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My primary language is Python. Often when I need to do some cpu heavy task on a numpy array I use scipy.weave.inline to hook up c++ with great results.

I suspect many of the algorithms (machine learning stuff) can however be written simpler in a functional language (scheme, haskell...).

I was thinking. Is it possible to access numpy array data (read and write) from a functional language instead of having to use c++?

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I meant accessing it in memory, but for small arrays / heavy processing it might be sufficient to save it from python to disk (or /dev/shm), load it in haskell, process, save to disk, load from python. –  janto Mar 22 '11 at 14:47
@janto - Sorry, I deleted my comment about the same time you replied... In retrospect, I figured it seemed obvious that you meant accessing it in memory. At any rate, as my answer below elaborates on a bit, one solution would be to use a shared memory buffer for the numpy array, and then access it from your haskell (or whatever) process... This does add an additional layer of complexity compared to weave, etc, though... –  Joe Kington Mar 22 '11 at 14:54
@janto: Have you taken a look at the various python machine learning packages? There might be fast solutions or templates for writing your own already available in python. –  JoshAdel Mar 22 '11 at 15:00
Incidentally, a bit of googling seems to indicate that haskell can interface with C libraries and vice-versa via the FFI: haskell.org/haskellwiki/FFI_Introduction (I'm not a haskell person, so forgive me if this is completely off-base!). If you can call a haskell routine from C, then you can call it from python through ctypes, cython, weave, etc... It might be a pain, but it sounds possible. It's "just" a matter of handling the memory buffer that a numpy array is stored in... –  Joe Kington Mar 22 '11 at 15:07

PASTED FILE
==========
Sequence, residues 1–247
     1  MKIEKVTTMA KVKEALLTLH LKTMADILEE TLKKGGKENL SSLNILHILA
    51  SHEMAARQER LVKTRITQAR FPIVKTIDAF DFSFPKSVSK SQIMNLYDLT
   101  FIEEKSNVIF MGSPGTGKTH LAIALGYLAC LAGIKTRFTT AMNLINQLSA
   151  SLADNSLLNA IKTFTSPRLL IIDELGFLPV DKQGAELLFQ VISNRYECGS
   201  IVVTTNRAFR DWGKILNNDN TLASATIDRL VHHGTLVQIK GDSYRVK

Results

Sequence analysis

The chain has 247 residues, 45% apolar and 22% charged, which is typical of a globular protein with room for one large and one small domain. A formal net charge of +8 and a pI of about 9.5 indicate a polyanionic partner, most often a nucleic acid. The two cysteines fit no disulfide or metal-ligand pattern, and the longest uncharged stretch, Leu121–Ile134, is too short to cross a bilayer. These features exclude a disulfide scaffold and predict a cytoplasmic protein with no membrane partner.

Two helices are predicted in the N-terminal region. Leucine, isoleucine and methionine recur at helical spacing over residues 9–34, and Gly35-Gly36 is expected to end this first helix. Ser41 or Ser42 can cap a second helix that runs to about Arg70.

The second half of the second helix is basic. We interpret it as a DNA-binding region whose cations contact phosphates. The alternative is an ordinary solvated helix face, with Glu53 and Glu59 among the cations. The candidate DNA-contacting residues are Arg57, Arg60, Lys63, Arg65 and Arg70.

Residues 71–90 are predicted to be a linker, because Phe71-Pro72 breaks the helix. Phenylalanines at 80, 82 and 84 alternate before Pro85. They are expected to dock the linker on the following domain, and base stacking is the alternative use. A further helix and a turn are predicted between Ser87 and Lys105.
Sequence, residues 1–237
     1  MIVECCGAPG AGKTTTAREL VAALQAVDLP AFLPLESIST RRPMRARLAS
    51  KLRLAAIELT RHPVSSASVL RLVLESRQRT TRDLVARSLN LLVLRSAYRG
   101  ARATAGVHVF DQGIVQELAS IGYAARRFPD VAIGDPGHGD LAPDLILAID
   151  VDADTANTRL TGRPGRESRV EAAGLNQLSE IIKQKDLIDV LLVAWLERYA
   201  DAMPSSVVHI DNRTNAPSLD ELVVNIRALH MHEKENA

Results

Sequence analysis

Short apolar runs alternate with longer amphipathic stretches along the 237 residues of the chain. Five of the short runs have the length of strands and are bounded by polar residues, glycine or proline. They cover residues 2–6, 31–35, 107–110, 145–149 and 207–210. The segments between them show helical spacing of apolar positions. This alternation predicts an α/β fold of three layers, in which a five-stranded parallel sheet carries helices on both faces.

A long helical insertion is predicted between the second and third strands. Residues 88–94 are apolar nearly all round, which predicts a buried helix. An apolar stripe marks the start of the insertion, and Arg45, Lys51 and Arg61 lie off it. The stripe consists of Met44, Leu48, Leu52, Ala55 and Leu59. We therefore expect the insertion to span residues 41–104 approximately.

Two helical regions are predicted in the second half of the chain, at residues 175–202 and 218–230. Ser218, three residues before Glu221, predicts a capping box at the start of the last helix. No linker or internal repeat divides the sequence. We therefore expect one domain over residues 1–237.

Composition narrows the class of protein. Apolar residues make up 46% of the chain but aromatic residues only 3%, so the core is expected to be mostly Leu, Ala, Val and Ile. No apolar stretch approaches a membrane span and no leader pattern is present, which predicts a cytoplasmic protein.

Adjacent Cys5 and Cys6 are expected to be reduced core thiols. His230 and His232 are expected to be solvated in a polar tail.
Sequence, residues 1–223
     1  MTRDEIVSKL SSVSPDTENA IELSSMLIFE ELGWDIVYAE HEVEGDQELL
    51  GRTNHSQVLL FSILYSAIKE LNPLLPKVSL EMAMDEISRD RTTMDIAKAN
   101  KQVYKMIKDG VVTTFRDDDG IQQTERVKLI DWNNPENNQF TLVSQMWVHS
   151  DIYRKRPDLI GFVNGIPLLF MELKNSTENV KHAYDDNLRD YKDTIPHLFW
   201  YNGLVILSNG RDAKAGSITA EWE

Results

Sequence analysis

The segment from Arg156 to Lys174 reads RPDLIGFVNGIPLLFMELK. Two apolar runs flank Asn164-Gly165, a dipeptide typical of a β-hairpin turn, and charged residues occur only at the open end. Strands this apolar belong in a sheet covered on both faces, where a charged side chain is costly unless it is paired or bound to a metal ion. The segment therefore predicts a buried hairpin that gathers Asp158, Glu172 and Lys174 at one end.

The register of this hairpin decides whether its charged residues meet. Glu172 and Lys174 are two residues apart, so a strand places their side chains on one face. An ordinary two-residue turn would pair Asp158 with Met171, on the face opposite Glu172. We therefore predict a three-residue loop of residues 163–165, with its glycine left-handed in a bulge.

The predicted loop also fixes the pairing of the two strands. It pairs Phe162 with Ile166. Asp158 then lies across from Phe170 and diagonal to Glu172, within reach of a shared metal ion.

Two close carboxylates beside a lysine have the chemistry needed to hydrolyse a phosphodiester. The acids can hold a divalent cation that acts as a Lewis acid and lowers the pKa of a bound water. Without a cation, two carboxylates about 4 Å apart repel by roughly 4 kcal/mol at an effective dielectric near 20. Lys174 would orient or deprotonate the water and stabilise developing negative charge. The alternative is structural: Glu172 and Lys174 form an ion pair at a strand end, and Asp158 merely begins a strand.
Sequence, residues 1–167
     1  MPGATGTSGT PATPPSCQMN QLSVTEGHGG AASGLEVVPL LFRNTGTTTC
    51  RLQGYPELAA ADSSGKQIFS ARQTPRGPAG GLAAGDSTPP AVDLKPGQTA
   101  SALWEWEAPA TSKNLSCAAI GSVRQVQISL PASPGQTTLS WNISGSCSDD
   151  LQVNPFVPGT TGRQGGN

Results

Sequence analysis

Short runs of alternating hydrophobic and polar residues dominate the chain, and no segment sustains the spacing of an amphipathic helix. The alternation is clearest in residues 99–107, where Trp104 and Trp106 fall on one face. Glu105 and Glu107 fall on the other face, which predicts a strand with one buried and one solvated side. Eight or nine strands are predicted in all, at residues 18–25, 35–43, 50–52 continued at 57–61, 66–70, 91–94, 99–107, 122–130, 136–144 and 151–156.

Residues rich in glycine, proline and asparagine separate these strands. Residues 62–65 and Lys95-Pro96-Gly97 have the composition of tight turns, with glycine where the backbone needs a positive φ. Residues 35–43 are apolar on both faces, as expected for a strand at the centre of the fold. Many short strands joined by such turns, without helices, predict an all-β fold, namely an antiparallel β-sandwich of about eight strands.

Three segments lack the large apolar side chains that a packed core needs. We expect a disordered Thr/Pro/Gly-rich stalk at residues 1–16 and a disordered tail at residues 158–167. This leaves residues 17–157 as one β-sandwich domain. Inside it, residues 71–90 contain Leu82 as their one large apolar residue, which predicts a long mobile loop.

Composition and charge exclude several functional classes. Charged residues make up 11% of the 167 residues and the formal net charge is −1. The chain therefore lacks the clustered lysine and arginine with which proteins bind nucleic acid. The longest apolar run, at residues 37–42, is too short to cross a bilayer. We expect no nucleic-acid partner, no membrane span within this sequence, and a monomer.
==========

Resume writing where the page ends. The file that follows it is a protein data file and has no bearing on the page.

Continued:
@JashAdel The algorithms I'm looking at are less popular (compared to things like SVMs) and research is still on going. So there aren't even a lot of C implementations of the things I do (belief propagation, pseudo likelihoods). –  janto Mar 22 '11 at 15:18

4 Answers 4

up vote 4 down vote accepted

You might have a look at using a shared-memory array of some sort. This implementation would probably be a good place to start: https://bitbucket.org/cleemesser/numpy-sharedmem/src

This implementation is intended to be shared between python processes, but it's using named shared memory to do it, so you should be able to access the relevant chunk of memory from any other process.

I'm not familiar enough with haskell to give you any advice on that side, but I assume you can use a pointer to a shared memory buffer as an array of some sort in haskell...

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This may be the simplest approach. It would be relatively easy to create a Haskell process that operates on a shared memory buffer. The module Data.Vector.Storable from the vector package would provide this for 1D arrays (for higher dimensions, maybe hmatrix would work). –  John L Mar 22 '11 at 17:51